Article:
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Chilean journal of agricultural research

versión On-line ISSN 0718-5839

Chilean J. Agric. Res. vol.71 no.2 Chillán jun. 2011 

Chilean Journal of Agricultural Research 71(2) April-June


Chemical constituents and toxicity of Agastache foeniculum (Pursh) kuntze essential oil against two stored-product insect pests

Componentes químicos y toxicidad del aceite esencial de Agastachefoeniculum (Pursh) Kuntze contra dos plagas de insectos de productos almacenados.

Asgar Ebadollahi1*

1Young Researchers Club, Islamic Azad University, Ardabil branch, P.O. BOX: 467, Ardabil, Iran. *Corresponding author (


The uncontrolled use of synthetic insecticides is a great hazard for the environment and consumers. Essential oils were introduced as low toxic agents against mammals and non-targeted insects. In this study, essential oil from aerial parts of blue giant hyssop (Agastache foeniculum [Pursh] Kuntze) (Lamiaceae) was isolated by the water steam distillation method with a Clevenger apparatus, and its chemical composition was studied by gas chromatography mass spectrometry. The toxicity of A. foeniculum essential oil against red flour beetle, Tribolium castaneum (Herbst), and lesser grain borer Rhyzopertha dominica (F.) was evaluated by fumigation at 24, 48, and 72 h exposure times. Estragole and 1,8-cineole were identified as major constituents of the A. foeniculum oil. Fumigation bioassays revealed that A.foeniculum oil had strong insecticidal activity on experimental insects. Rhyzopertha dominica was more susceptible than T. castaneum for all exposure times. Insecticidal activity varied with essential oil concentration and exposure time. Probit analysis showed that increased exposure time and essential oil concentration  increased mortality. These results indicated that A. foeniculum essential oil can be applied in the management of stored-product insects to decrease the detrimental effects of synthetic insecticides.

Key words: Blue giant hyssop, fumigation, Rhyzopertha dominica, Tribolium castaneum.


El uso incontrolado de los insecticidas sintéticos causa gran peligro para el medio ambiente y los consumidores. Los aceites esenciales se presentan como agentes tóxicos leves contra mamíferos e insectos no objetivo. En el presente estudio, el aceite esencial de las partes aéreas del hisopo gigante azul (Agastache Foeniculum [Pursh] Kuntze) (Lamiaceae) se aisló por el método de destilación al vapor de agua, utilizando un aparato de Clevenger y se estudió su composición química mediante cromatografía de gases y espectrometría de masas. La toxicidad del aceite esencial de A. foeniculum se evaluó por métodos de fumigación a las 24, 48 y 72 h contra el escarabajo rojo de la harina (Tribolium castaneum (Herbst)) y el barrenador menor de granos (Rhyzopertha dominica (F.)). El estragol y 1,8-cineole se detectaron como componentes principales en el aceite A. foeniculum. Los bioensayos revelaron que el aceite de A. foeniculum tuvo una fuerte actividad insecticida sobre los insectos experimentales. R. dominica fue más susceptible que T. castaneum en todos los tiempos. La actividad insecticida varió con las concentraciones de aceite esencial y los tiempos de exposición. El análisis Probit mostró que la mortalidad aumenta con el incremento del tiempo de exposición y la concentración del aceite esencial. Estos resultados indican que el aceite esencial del A. foeniculum podría ser aplicable al manejo de insectos de productos almacenados con el fin de disminuir los efectos perjudiciales de la utilización de insecticidas sintéticos.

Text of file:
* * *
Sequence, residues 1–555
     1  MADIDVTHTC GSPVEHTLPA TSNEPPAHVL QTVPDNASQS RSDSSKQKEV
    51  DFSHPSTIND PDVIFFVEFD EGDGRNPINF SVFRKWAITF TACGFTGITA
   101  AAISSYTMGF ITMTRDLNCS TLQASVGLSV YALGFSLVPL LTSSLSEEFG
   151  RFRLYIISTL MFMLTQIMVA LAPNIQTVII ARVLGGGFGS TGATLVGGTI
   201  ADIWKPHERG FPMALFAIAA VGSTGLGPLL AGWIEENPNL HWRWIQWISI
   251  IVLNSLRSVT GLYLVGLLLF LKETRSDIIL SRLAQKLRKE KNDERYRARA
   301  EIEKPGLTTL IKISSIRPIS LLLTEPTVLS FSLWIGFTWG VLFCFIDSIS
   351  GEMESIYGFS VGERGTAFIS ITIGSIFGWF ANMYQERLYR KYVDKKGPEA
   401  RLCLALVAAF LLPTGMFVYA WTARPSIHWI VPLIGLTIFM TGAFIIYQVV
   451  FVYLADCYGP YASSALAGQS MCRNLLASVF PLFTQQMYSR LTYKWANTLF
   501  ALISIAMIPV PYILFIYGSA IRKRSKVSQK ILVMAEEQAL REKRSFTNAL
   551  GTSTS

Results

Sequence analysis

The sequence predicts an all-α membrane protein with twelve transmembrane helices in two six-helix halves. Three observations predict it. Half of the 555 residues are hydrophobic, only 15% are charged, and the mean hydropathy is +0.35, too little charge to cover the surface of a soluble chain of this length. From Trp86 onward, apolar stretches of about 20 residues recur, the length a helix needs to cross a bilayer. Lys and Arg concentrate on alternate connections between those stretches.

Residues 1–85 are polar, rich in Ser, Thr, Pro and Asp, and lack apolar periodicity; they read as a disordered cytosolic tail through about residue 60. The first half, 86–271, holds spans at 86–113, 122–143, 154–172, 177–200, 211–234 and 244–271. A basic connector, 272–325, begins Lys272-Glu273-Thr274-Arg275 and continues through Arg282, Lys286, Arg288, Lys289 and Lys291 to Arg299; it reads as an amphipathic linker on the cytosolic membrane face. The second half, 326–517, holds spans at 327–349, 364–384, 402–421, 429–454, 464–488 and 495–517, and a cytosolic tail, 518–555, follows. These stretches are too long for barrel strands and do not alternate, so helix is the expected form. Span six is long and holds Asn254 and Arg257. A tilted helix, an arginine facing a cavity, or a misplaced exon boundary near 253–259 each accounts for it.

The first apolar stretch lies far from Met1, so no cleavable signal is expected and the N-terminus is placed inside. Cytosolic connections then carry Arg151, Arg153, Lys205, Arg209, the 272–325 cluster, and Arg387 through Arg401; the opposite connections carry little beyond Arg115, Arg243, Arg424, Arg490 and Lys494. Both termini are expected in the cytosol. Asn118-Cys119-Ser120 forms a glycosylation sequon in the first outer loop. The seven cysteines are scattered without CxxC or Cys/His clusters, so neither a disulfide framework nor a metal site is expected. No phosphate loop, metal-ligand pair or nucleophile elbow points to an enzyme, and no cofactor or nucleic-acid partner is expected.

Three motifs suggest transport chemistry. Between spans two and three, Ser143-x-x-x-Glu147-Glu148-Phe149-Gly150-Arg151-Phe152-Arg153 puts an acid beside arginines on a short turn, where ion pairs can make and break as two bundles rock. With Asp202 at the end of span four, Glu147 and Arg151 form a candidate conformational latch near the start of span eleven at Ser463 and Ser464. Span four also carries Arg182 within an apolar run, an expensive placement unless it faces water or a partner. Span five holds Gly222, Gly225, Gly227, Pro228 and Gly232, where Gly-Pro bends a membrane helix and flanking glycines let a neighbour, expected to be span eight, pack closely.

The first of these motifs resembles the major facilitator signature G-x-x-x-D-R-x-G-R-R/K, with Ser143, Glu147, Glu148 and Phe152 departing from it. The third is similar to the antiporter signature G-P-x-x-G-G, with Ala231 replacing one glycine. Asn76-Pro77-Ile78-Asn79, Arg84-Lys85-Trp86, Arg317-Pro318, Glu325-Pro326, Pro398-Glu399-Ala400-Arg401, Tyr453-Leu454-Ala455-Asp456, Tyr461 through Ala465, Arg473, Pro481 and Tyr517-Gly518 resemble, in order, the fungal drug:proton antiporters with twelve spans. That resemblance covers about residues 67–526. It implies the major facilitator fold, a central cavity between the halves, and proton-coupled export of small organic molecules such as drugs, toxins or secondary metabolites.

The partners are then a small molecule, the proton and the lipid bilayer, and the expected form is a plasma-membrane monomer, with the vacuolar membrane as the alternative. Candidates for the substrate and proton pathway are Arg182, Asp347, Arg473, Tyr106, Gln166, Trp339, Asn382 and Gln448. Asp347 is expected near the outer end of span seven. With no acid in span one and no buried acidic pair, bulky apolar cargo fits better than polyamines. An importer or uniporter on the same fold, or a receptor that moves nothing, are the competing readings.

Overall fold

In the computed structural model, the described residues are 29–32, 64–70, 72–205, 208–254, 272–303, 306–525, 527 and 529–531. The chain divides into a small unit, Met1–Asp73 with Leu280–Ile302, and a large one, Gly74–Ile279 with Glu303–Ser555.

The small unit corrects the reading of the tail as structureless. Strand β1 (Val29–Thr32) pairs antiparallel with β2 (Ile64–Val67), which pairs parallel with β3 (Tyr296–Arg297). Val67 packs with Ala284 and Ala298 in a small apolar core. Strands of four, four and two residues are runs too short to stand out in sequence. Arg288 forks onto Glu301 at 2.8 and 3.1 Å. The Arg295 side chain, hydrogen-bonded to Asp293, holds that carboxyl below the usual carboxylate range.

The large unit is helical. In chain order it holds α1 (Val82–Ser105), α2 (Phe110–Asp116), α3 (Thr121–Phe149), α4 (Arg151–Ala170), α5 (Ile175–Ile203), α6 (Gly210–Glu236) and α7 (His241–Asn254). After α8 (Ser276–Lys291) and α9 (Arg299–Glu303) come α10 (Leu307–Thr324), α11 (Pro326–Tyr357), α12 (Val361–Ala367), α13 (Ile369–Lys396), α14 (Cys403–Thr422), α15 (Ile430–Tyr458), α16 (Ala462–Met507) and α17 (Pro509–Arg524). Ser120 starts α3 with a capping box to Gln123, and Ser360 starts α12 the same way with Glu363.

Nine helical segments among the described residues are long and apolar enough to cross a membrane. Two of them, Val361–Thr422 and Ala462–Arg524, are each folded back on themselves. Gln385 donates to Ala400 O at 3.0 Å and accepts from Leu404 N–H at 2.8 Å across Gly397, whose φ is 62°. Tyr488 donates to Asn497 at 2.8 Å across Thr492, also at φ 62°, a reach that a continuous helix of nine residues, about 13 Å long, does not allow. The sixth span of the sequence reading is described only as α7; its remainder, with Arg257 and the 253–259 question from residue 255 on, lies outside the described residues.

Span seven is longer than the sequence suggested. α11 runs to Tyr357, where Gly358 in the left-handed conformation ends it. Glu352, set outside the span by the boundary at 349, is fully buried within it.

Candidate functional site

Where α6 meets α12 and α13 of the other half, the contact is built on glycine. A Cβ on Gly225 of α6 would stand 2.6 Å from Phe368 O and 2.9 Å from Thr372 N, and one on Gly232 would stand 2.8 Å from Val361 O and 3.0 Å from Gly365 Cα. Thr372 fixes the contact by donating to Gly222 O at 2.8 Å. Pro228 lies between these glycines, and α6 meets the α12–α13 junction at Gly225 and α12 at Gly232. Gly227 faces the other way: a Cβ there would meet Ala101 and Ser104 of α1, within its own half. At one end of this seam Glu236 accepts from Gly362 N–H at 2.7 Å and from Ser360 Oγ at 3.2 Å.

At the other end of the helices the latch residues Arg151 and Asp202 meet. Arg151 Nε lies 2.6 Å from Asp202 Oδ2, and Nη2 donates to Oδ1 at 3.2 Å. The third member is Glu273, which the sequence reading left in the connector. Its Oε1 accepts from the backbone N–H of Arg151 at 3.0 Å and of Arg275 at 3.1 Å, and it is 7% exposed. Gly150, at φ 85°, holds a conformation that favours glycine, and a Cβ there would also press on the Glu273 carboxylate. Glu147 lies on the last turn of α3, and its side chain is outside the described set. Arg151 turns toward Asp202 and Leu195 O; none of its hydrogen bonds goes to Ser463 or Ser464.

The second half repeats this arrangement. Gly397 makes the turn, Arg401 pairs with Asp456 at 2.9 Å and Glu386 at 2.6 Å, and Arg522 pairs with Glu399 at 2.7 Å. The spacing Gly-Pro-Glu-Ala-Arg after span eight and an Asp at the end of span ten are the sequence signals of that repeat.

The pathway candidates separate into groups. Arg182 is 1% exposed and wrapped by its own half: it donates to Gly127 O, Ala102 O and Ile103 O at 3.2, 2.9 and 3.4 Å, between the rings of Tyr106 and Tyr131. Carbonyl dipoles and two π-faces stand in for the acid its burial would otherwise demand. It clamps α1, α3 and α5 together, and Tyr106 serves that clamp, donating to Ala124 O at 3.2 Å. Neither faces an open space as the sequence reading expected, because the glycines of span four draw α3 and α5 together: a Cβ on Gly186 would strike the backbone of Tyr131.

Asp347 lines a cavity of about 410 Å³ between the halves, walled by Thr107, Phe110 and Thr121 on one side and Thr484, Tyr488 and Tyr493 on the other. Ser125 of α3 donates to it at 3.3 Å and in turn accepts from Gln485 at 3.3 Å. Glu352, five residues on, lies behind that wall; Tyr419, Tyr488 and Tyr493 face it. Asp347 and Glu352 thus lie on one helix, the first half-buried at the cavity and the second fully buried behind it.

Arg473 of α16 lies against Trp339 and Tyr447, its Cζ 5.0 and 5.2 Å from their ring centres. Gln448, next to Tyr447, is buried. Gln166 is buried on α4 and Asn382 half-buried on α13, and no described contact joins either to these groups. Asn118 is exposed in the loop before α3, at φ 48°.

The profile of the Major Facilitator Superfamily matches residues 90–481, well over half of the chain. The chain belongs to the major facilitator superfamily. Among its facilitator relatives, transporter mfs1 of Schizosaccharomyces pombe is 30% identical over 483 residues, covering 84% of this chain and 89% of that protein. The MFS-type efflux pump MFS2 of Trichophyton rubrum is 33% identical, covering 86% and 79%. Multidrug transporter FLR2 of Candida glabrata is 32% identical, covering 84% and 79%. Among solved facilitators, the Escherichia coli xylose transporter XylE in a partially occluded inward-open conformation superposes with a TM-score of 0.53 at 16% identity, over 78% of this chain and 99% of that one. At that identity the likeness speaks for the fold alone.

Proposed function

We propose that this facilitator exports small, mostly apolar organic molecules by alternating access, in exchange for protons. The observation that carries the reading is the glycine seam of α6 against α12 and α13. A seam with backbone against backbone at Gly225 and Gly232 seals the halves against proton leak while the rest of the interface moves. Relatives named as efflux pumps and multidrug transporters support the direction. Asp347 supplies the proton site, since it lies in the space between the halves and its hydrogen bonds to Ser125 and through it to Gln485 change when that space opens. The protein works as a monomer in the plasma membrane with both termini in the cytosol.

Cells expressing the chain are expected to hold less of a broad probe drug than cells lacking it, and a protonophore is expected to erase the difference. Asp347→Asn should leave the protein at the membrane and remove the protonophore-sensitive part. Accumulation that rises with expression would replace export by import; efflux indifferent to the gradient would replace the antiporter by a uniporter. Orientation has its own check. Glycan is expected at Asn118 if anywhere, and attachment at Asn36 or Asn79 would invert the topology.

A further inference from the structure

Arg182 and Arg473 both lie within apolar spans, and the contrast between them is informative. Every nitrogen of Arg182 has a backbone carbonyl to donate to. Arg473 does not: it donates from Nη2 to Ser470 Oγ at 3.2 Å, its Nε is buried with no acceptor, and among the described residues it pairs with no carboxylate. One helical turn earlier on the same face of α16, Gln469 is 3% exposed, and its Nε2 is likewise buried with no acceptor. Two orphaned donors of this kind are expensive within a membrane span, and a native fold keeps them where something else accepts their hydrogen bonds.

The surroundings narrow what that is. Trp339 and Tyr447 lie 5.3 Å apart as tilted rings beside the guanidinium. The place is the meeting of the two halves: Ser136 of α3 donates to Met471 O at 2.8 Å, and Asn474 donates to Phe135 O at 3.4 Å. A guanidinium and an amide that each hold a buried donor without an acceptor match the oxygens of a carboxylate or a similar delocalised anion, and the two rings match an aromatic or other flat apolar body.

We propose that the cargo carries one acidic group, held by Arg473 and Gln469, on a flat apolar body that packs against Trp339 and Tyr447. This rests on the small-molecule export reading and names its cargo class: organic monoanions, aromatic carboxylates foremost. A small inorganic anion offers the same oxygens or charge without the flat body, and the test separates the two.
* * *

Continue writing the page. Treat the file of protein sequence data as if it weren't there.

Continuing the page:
Palabras clave: hisopo gigante azul, fumigación, Rhyzopertha dominica, Tribolium castaneum.


The red flour beetle, Tribolium castaneum (Herbst) (Coleoptera: Tenebrionidae), has long been associated with stored food for human consumption and with a wide range of commodities including grain, flour, peas, beans, cacao, nuts, dried fruits, and spices, although milled grain products such as flour appear to be its preferred food. Its presence in stored foods directly affects both the quantity and quality of the commodity (Campbell and Runnion, 2003). The lesser grain borer, Rhyzopertha dominica (F.) (Coleoptera: Bostrichidae), is a destructive insect pest of stored grains. Both larvae and adults of this insect feed on whole, sound grains and cause extensive damage (Dowdy and McGaughey, 1992).

Controlling these insects and other stored-product pests relies heavily on gaseous fumigants. Although effective synthetic insecticides such as methyl bromide or phosphine are available, there is a global concern about their negative effects causing ozone depletion, environmental pollution, toxicity to non-target organisms, and pesticide residues (Lee et al., 2004; Isman, 2006). There is an urgent need to develop safe alternatives with the potential to replace toxic fumigants, and still be effective, economical, and convenient. Natural compounds of plant origin are biodegradable, often of low mammalian toxicity, and pose a low danger to the environment if used in small amounts (Papachristos and Stamopoulos, 2002; Ayvaz et al., 2008). There has recently been a growing interest in research as to  possibility of using plant extracts as alternatives to synthetic insecticides. Essential oils are complex mixtures comprised of a large number of constituents in variable ratios (Van Zyl et al., 2006). Furthermore, they are volatile and can act as fumigants for stored-product protection. Plant essential oils have had insecticidal (Tapondjou et al., 2002; Negahban et al., 2007; Park et al., 2008), antifungal (Razzaghi-Abyaneh et al., 2008), nematicidal (Oka et al., 2000), virucidal (Schuhmacher et al., 2003), and anti-bacterial (Kotan et al., 2008) effects. This is mainly because essential oils are easily extractable, eco-friendly i.e., biodegradable, easily catabolized in the environment, and do not persist in soil and water (Isman, 2000; 2006). All these properties of essential oils permit their use even in sensitive areas such as schools, restaurants, hospitals, and homes. In spite of the widespread recognition that many plants possess insecticidal properties, only a handful of pest control products directly obtained from plants are used because the commercialization of new botanicals can be hindered by a number of issues (Isman, 1997).